The Energy Environmental Review and Analysis Division of the Minnesota Department of Commerce conducted a review into the environmental impacts of the proposed and alternative routes.
The review found that, in general, “there is little difference in the environmental impact of the routes,” the Minnesota Department of Commerce report reads. “All system alternatives would have similar effects on several resource categories including: geology/soils/groundwater, ecoregions, community features, cultural resources, and air emissions.”
Differences between the routes included land cover, water resources, public lands, cities and population density, and high consequence areas, according to the report.
Willis Mattison, who served as a Regional Director of the Minnesota Pollution Control Agency in Detroit Lakes before retiring in 2001, has reviewed both these reports and says it is clear that only the applicant route, the SA-03 route, and the modified SA-03 route are going to be under consideration when the Public Utilities Commission makes its route designation later in 2015.
“The Becker, Otter Tail County line has fewer encounters with wetlands, waters and rice beds then the preferred one,” Mattison said, explaining that in his opinion, the SA-03 line is the one most likely to be chosen by the Public Utilities Commission as the final route later this year.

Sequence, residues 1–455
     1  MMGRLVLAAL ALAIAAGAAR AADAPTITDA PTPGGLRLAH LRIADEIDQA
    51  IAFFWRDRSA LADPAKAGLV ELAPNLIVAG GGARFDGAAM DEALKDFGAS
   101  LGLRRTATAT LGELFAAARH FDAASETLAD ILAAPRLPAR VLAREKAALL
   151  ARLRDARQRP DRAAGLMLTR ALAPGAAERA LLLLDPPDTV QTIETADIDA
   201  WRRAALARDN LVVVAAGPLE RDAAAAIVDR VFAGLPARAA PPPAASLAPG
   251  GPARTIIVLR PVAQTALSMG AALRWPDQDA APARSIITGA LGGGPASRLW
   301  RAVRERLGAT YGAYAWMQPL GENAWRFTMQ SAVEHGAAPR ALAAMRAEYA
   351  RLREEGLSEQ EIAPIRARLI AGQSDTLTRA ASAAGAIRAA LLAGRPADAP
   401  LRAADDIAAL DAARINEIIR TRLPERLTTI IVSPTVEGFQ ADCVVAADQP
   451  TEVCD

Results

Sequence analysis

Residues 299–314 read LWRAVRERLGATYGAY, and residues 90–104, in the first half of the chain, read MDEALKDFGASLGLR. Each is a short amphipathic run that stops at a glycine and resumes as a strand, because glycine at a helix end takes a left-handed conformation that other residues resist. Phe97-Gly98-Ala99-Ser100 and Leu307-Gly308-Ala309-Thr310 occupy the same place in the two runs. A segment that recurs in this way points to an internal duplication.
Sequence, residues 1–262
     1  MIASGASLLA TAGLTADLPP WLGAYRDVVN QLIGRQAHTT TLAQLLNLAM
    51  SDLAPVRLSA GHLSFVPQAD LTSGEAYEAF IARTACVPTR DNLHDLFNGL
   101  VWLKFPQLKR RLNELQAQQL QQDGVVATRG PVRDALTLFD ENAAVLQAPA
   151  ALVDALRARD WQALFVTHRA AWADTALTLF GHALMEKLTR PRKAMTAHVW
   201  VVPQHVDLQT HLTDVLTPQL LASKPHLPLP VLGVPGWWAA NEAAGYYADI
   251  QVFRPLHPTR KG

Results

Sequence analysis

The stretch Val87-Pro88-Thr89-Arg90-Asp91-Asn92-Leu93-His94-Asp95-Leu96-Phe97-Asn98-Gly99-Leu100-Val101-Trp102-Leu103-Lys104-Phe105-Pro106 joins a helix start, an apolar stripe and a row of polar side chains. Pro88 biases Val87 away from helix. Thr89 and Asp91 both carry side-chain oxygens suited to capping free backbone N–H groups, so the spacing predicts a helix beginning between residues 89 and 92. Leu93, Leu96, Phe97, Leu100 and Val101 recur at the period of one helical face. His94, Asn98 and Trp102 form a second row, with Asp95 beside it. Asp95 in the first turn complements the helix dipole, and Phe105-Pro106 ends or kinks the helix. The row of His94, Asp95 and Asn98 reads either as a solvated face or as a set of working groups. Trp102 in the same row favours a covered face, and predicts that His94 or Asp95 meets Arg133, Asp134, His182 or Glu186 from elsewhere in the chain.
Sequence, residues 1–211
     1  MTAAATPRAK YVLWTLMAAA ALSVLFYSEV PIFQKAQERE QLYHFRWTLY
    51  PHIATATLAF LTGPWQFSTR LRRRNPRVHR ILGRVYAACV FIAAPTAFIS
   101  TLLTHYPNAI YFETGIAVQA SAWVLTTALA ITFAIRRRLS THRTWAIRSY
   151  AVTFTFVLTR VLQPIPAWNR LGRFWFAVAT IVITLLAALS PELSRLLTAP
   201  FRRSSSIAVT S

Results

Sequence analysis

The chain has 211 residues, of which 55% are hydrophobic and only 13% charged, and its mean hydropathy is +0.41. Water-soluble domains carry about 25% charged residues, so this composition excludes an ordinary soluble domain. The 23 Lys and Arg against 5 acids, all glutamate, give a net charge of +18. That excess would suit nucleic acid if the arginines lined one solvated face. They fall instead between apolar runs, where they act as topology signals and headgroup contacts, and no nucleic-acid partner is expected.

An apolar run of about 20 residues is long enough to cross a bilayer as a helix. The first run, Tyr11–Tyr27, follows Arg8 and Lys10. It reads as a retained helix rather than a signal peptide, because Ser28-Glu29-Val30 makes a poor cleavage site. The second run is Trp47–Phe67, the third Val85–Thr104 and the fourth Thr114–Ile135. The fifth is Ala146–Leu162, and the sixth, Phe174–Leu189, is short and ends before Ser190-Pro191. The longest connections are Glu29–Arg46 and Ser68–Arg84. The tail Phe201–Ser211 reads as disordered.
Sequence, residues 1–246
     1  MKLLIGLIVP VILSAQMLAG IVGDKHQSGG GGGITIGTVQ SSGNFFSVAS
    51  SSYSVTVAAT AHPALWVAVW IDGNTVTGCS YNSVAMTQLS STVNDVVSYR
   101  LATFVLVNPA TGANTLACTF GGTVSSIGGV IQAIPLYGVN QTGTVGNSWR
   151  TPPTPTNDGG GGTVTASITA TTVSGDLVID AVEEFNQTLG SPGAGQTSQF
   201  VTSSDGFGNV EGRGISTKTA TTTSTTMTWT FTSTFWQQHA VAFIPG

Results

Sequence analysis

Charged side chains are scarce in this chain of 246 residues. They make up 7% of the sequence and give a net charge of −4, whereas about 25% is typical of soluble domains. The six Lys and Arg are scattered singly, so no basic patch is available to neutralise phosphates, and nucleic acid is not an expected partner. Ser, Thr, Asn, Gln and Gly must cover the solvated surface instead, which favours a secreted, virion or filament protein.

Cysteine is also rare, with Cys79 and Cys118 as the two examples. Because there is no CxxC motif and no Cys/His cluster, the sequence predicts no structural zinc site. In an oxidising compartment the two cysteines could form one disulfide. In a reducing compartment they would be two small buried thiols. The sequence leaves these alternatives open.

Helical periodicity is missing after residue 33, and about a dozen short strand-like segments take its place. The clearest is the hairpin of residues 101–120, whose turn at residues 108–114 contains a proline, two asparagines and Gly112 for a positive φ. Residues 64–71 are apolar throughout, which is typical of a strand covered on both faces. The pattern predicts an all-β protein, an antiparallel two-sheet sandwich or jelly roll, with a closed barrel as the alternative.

While Mattison described the environmental report as “flawed,” he says the conclusions drawn in it would support the SA-03 route.
In later testimony to the Public Utilities Commission, Heinen said that the environmental report confirmed his belief that Enbridge’s prefered route and the SA-03 route were both acceptable.
“Based on my review of the Environmental Review, I did not identify impacts to the natural or socio-economic environment that would render the applicant’s preferred route or SA-03 unreasonable,” Heinen wrote.
Better route options exist
“It is boiling down to a choice between two very bad routes [the original route and SA-03] instead of a legitimate search for the best possible route,” Mattison said. “Better routes exist, this is intuitively obvious, but the process is being manipulated to discriminate against the better routes in favor of two very bad route choices.”
Mattison says he isn’t opposed to the pipelines in general, he just believes there are many alternative routes which would pose a lesser risk to the environment.
One key issue is the land above the pipelines, he said.
Pipelines that cut through a number of lakes and wetlands make spills both more difficult to locate, and impossible to fully clean up, Mattison said.
“From my experience, recovery of this oil is virtually impossible. You do the best with available technology and you leave the rest and wash your hands and say you did the best that you could,” he said.